The Times West Virginian

Bob Herzel

May 11, 2014

Huggins defends program after recent transfers

MORGANTOWN — Bob Huggins wanted to set the record straight and assure the world that “we’ll be fine” in his West Virginia University program.

Players were leaving him almost as fast as they came into his West Virginia basketball program, but he was maintaining it wasn’t as fast as it was being made out, and besides, he noted, this transfer bug was reaching “epidemic” proportions across college basketball.

The number that had been bandied around that really was getting under Huggins’ skin was that 12 of 16 recruits since the Final Four team were gone. So, to set the record straight, there have been 23 recruits since the Final Four and 13 of them have left.

Two since last season — two players with big roles in the program, guards Eron Harris and Terry Henderson.

And not yet counted in that group was forward Remi Dibo, whom Huggins would admit during this hurriedly called press conference Saturday morning had informed assistant Erik Martin that he was leaving to play professionally in France.

As Huggins tried to emphasize with all the other transfers or players who never showed up, it was nothing to be worried about, not being able to fault a player for going home to Europe to play professionally.

Huggins’ point in all of this is that he isn’t the man to blame.

“I don’t mind taking blame. Blame me for things I can control. Those things I can’t control, and they are not as alarming as portrayed by some people,” Huggins said.

He noted that three of the players among the 23 never suited up.

“Two were medical problems; one guy had a language problem and never passed the test. He never showed up on campus,” Huggins said.

But these are players who came and did not finish their careers in addition to Harris, Henderson and, perhaps, Dibo … Aaron Brown, Tommie McCune, Dan Jennings, Dalton Pepper, Keaton Miles, Aaric Murray, Pat Forsythe, Noah Cottrill, Darrius Curry and Volodymyr Gerun in recent years.

As for transfers, they had become as much a part of the college game as the 3-point shot.

“It’s not just here. It happens everywhere,” Huggins said. “It’s kind of the times.

“Forty percent of men’s basketball players don’t make it to their junior year,” Huggins continued, quoting available statistics. “They transfer. Thirty-eight percent of them don’t transfer to a like or higher conference. They transfer down.”

Because of the instability in the program, there have been people preaching doom.

“We’re going to be fine,” Huggins predicted for the coming year, noting that even though the Mountaineers lose Harris and Henderson, they still have the leading candidate for the Big 12 Player of the Year in guard Juwan Staten returning along with Gary Browne and three highly regarded newcomers “who get lost” in junior college transfer Tarik Phillip and freshmen Javon Carter and Daxter Miles.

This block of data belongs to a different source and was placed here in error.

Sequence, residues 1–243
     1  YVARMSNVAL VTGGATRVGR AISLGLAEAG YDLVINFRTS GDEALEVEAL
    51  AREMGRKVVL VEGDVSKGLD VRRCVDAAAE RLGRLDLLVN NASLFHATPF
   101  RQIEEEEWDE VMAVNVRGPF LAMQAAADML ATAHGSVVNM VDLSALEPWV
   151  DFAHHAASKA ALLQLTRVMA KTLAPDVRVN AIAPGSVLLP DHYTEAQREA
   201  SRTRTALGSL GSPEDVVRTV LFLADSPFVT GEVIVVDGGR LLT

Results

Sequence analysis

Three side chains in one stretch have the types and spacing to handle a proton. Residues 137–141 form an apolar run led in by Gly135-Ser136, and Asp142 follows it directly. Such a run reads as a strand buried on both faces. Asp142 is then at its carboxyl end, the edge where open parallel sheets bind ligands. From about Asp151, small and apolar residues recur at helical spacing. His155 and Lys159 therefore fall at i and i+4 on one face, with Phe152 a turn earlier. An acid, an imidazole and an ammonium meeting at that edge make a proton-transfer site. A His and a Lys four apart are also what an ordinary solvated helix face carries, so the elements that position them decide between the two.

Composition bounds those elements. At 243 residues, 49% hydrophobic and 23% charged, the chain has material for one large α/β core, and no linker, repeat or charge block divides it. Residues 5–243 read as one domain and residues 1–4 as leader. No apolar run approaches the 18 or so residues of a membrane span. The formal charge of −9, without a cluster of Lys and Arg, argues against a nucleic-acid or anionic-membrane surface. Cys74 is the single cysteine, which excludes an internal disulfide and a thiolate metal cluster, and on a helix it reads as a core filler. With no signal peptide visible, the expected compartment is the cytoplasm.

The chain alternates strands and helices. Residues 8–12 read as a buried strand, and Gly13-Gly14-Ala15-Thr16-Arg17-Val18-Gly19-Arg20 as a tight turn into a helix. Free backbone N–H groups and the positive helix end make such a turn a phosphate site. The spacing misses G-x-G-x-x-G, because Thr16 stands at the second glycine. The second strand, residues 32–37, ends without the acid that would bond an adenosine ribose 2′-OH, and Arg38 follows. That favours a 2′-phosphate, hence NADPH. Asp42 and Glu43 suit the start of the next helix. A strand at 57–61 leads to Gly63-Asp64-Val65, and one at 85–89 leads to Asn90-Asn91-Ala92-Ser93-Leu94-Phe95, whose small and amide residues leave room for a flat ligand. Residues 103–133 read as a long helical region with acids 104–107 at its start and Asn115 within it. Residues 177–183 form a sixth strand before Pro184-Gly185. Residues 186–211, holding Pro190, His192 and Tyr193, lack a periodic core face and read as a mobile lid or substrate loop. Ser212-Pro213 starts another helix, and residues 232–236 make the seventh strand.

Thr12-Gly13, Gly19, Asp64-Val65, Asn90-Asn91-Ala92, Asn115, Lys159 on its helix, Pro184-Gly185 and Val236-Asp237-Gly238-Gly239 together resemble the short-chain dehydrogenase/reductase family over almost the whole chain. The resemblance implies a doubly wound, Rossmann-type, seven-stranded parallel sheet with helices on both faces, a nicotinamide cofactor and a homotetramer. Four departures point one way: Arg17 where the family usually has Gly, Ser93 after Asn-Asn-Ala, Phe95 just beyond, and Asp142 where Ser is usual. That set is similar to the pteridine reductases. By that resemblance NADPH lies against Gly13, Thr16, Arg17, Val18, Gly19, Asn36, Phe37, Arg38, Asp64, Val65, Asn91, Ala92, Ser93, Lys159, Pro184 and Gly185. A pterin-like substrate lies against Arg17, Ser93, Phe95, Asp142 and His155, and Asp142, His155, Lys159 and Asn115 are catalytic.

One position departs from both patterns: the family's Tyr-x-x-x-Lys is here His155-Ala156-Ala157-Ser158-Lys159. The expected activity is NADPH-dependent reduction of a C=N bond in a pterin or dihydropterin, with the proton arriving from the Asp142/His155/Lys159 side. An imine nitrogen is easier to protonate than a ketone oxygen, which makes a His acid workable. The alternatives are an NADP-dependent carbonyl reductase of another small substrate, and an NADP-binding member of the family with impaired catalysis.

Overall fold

Huggins also noted that the Mountaineers get eligible two talented forwards in Jonathan Holton and Elijah Macon, who bring what they lacked last year, rebounding and length.

“We have five guys to add to what we had a year ago, minus those guys,” Huggins said.

People have intimated that Huggins can no longer recruit like he did at the height of his career and that his tough coaching methods may not fit with today’s athletes.

Huggins says neither theory is correct.

“We’ve been in postseason six of the seven years I’ve been here. Five consecutive (NCAA bids)— tied for the most in school history. A Final Four, the second in school history,” Huggins said. “If I’m recruiting that bad then I’m doing a heck of a job coaching.”

It was noted that Huggins’ Final Four carried a lot of holdovers from John Beilein’s recruiting. Huggins didn’t buy that, claiming three of the starters on that team as his recruits.

“I love Da’Sean Butler, Joe Mazzulla, Wellington Smith, Cam Thoroughman,” Huggins said, speaking of holdover players he inherited. “They are very much part of our family, regardless of who recruited them. The last time I looked it said ‘West Virginia’ on the jersey, not ‘Bob Huggins.’”

Then he made perhaps the strongest statement he would make.

“Nobody loves WVU more than I do. When the time comes I don’t think I can do my job and do what’s best for WVU I will quit. I will not hang on,” he said. “This is about West Virginia University, not John Beilein, not Bob Huggins.”

And this is what Huggins has to say to those who say his coaching style is too tough on today’s players.

“Every former player who comes back says, ‘Why are you being so soft? Why have you changed so much?’ I try to coach guys the best way to get to them,” he said.

There have been people who have suggested that players were leaving because he was recruiting some players with a lot of baggage. He rejects that theory.

“It’s not the kids we’re bringing in,” Huggins said. “Kids are leaving in the Ivy League. They are leaving the Dukes, the high-profile schools. It’s not the kind of kids were bringing in.”

And when asked whether a coach has to re-recruit his players every year today to make sure they stay, he felt that was the wrong word, preferring to talk about the relationship between coaches and players.

 “You’ve never heard any of these guys say they didn’t have a relationship with the coaching staff,” he said.

Follow Bob Hertzel on Twitter @bhertzel.

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